Most of the compounds that pharmaceutical companies make have specific properties in order for them to have biological activity. Even though some of these compounds may look very similar to other compounds and may even have the same molecular formulas, they cannot be superimposed on each other and hence are really different compounds. The human body can recognize such compounds as different and one compound will be biologically active and the other one poisonous. In order to make the desired compound in large excess, specific catalysts are often used. These catalysts have to be carefully designed in order for them to give the desired product in larger quantities, compared to other similar compounds that may be produced in the reaction. An important tool that is often used to gain a rational design of such molecules is to use computer modeling. There are presently some very effective catalysts that are used to accomplish these asymmetric syntheses, but a major problem associated with their use for these asymmetric transformations is that they are not easily recovered and recycled. As a result, large amounts of catalysts are typically used, especially in industry, which poses a serious disposal problem. In this research, new categories of recyclable homogeneous organocatalysts are developed and are very effective in giving desired asymmetric compounds. These organocatalysts are unique in that they contain ionic liquid moieties, which convey a wide range of properties to the catalysts. As a result, these ionic liquid-supported (ILS) organocatalysts are tunable and their properties can be adjusted to meet a wide variety of reaction conditions. The proposed project has three aspects:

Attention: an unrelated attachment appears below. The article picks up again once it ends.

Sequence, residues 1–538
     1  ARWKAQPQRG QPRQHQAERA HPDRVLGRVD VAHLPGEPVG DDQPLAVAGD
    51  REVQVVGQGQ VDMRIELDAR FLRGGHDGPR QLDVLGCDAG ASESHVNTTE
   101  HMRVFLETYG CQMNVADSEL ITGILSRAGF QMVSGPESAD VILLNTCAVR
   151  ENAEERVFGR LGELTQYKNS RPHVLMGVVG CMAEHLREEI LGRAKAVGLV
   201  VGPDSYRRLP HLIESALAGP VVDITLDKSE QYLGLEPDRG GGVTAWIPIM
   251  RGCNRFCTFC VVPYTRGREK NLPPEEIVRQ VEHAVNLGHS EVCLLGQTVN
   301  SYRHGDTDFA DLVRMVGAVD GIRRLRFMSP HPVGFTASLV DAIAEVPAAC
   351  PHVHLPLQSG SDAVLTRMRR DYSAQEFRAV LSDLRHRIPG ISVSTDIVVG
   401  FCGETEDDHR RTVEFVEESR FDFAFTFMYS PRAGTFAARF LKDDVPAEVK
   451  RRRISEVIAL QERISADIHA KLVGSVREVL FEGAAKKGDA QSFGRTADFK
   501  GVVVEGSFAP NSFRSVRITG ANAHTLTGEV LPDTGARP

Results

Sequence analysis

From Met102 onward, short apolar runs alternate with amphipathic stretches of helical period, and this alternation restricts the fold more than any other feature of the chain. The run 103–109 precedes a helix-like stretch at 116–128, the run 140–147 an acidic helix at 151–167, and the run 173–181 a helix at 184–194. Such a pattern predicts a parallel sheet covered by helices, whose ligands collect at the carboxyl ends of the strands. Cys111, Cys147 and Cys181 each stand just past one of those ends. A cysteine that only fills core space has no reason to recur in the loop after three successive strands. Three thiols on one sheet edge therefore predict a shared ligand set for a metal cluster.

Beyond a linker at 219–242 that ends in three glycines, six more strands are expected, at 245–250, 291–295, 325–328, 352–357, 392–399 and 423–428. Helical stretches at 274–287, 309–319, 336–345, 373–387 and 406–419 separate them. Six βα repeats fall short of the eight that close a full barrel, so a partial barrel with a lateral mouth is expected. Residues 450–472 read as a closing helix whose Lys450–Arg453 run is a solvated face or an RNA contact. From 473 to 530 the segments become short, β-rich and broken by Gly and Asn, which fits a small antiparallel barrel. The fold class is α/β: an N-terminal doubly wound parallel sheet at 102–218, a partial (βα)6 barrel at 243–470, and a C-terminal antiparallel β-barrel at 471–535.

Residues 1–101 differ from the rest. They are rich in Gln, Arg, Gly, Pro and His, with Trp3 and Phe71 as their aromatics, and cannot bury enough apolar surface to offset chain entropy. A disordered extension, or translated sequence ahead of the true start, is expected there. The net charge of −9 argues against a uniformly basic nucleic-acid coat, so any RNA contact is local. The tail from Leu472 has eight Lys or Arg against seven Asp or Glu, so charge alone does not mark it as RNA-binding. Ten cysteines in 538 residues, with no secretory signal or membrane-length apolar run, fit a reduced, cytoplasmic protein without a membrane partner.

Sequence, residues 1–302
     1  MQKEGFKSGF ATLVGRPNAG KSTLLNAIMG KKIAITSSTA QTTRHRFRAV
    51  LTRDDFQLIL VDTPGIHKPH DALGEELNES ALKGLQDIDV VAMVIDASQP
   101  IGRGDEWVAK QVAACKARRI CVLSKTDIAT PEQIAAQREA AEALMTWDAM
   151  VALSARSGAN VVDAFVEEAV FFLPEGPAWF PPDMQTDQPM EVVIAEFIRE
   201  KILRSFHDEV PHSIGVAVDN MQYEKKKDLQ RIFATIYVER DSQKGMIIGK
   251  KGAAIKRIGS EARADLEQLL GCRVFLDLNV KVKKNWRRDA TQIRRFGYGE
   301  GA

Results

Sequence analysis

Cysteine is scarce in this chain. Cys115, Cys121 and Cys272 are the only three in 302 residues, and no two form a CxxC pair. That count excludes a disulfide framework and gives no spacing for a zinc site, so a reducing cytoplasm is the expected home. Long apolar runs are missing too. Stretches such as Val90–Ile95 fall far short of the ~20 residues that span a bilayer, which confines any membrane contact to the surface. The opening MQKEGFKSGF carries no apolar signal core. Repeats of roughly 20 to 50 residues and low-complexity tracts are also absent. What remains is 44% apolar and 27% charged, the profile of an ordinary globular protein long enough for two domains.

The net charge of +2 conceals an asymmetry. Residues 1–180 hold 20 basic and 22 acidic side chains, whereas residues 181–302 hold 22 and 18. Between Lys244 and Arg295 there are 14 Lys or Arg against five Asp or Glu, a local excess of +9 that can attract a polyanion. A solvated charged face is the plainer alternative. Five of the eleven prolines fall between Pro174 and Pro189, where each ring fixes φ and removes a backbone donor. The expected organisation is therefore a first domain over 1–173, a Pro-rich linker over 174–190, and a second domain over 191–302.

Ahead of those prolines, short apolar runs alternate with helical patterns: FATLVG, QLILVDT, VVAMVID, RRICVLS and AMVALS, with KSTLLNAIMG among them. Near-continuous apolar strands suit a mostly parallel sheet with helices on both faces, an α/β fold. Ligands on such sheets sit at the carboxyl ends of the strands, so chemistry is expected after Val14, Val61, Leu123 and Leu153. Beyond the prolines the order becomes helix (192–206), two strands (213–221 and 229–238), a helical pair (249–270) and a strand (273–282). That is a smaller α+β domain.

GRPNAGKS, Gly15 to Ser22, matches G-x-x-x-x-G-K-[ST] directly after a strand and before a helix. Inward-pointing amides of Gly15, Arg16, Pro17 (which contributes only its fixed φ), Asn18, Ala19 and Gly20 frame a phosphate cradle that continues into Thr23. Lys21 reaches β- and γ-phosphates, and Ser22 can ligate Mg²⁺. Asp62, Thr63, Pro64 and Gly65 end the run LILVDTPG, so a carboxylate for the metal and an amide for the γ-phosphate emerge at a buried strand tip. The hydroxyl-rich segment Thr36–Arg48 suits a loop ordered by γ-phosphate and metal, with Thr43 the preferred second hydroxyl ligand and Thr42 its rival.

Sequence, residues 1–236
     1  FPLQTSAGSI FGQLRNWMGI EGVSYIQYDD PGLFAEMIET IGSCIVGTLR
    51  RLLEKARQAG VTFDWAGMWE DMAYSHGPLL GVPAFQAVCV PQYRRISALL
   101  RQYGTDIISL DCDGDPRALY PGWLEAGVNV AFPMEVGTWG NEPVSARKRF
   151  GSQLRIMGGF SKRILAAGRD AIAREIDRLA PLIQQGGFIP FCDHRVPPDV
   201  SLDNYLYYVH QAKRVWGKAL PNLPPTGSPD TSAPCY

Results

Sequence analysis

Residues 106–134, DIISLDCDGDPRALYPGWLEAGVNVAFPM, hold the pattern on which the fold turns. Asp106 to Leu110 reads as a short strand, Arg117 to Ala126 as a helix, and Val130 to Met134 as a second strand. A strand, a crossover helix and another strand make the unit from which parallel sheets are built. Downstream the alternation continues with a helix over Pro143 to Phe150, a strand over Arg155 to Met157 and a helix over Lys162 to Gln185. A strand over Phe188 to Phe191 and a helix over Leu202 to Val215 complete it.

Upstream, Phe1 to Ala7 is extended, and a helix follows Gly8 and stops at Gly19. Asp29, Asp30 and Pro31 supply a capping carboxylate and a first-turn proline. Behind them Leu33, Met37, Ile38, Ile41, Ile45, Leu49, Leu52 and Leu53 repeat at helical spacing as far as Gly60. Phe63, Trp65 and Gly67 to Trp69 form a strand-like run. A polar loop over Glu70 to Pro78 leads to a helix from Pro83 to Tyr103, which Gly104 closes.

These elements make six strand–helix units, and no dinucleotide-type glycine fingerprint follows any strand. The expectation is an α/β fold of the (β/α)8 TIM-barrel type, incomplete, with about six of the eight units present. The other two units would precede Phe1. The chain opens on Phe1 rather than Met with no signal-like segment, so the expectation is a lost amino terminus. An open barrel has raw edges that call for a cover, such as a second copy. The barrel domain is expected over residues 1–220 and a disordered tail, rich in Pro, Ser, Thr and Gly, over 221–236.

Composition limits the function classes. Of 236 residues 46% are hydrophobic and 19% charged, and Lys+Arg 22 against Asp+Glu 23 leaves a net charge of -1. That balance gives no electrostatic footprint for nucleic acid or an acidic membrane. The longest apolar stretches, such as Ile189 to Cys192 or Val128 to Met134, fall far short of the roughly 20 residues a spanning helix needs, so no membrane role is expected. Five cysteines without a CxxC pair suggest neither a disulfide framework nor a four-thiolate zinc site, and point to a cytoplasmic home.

- REU students will gain the experience of synthesizing organocatalysts and utilize state-of-the-art instrumentation for their characterization
- Students will utilize newly synthesized organocatalysts to catalyze specific asymmetric reactions of organic chemistry
- Students will utilize the Spartan software to carry out computational modeling studies to assist in the design of effective organocatalysts for these reactions.